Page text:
UK Startup Corporate Structure
As with anything, business has a structure that needs to be set up and followed. You’re an entrepreneur based in the UK and you want to know what corporate structure your startup can or should set up.
In this blog we’ll explore:
- What is a corporate structure
- Types of corporate structures in the UK
- What are the benefits of a corporate structure
- How to legally set up a corporate structure in the UK
What is a corporate structure
Well, a corporate structure refers to the way your business is organized to enable it to achieve its goals. Who makes the decisions, what decisions can be made by people in certain positions and so forth. A structure governs who holds what authority and decision making power.
A corporation is a form of organization that has an existence independent of its owners. Corporations have powers and liabilities separate and distinct from those of its owners.
Corporate structure refers to how a business is organized to accomplish its objectives. The corporate structure of a business is important because it determines the ownership, control, and authority of the organization.
Types of corporate structures in the UK
Starting the journey with your new start-up brings a lot of excitement, right? But also plenty of challenges. There will be many questions and things you need to find the answers for, one of which will most likely include, what are the different types of business structures?
The structure you choose will have significant implications on the amount of tax you pay, the degree of your personal liability (should the business fail), the amount of administrative work involved and even your ability to raise finance.
There are 4 main types of business structures in the UK and each has various tax and liability implications for owners and shareholders:
This is the simplest and easiest form of business to register. You are a self-employed sole trader if you start working for yourself and you must register this business with HMRC. As a Sole Trader, the business is run by you and you alone. It’s also important to note that you are not a separate entity from the business.
A Partnership involves two or more individuals that agree to share in the profits or losses of the business. You ultimately share the risks, costs, benefits and responsibilities of running the business. Partnerships are referred to as unincorporated entities in that the partners are self employed. You and your partner(s) are personally responsible for the losses or debts that the business undertakes. Each partner is also responsible or liable for the other partner’s negligence or misconduct. The profits or losses from a partnership will be shared between the partners. This will be in the agreed profit sharing ratio and each partner pays tax on their share of the profits. It’s important to establish this kind of corporate structure with people you trust to a certain extent.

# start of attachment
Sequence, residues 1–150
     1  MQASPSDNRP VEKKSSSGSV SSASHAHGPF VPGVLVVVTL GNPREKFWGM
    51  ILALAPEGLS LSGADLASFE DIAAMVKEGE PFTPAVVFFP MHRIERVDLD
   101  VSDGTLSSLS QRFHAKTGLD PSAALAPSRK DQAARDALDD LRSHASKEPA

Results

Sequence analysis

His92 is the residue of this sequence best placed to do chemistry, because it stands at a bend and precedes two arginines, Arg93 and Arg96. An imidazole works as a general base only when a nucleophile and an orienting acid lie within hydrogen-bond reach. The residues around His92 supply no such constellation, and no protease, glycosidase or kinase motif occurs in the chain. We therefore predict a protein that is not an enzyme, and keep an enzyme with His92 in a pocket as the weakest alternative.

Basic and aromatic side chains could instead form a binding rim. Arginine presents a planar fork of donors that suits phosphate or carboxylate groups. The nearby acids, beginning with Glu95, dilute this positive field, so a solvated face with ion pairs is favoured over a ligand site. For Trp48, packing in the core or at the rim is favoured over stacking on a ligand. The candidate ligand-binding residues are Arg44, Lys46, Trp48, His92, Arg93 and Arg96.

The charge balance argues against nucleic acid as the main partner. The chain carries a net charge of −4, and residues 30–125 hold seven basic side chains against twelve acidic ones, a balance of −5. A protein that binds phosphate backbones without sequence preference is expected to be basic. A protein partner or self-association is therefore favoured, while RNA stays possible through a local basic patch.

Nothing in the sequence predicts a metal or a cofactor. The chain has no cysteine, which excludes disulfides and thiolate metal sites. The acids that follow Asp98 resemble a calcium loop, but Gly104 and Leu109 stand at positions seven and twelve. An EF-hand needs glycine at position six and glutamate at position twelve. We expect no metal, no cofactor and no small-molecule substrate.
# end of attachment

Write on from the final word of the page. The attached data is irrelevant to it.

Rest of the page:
Limited liability partnership
An LLP is similar to a partnership except that the partner’s liability is limited to the amount of money they invest in the business. The LLP must be registered at Companies House and with HMRC. Annual accounts also have to be prepared and filed. An LLP can be incorporated with 2 or more members and a member can be an individual or a company. Members’ responsibilities and share of the profits are set out in an LLP agreement and all members must submit a personal Self Assessment Tax Return every year, pay income tax on their share of the partnership’s profits and pay National Insurance to HMRC.
A limited company is a privately managed & held business, owned by its shareholders and run by its directors. The company is a separate legal entity with its own legal rights and obligations. This means the company is responsible for everything it does and its finances are separate to the personal affairs of its owner(s). Any profits generated are retained by the company, after it pays Corporation Tax. Only then can the profits be distributed to shareholders in the form of dividends. Limited companies can be limited either by shares or by guarantee. Limited Companies also have annual reporting and filing requirements with both the Companies House and HMRC.
What are the benefits of a corporate structure?
There are several advantages to becoming a corporation, including the limited personal liability, easy transfer of ownership, business continuity, better access to capital and, depending on the corporation structure, occasional tax benefits. The legal structure of your corporation and the benefits you receive from it will depend on the specific setup of your business.
These include but are not limited to the following:
- Flexible business expansion
- Well-defined governance agreements
- Limited liability and increased personal asset protection
Your corporate business structure enables easy additions of new shareholders, investors, and co-owners. Additional shares can be issued to new shareholders easily. A corporate structure is also flexible in how it moves, and ownership can be transferred, and the company sold, with minimal hassle.
Under a corporate business structure, a written shareholder agreement clearly outlines all governance rules, exit protocols, and dispute processes. This provides a strong support structure to make business decisions with confidence, and ensures all shareholders are on the same page.
How to legally set up a corporate structure in the UK
Setting up your corporate structure in the UK depends on the type of business you’re running or plan to run. The first step is obviously to register your business. Visit the official Gov.UK website for steps on how to do so. The UK has around six million private sector businesses, according to official government data, and this figure is growing. Since 2000, the number of businesses in the UK has increased by 2.4 million. [Source: Expatica]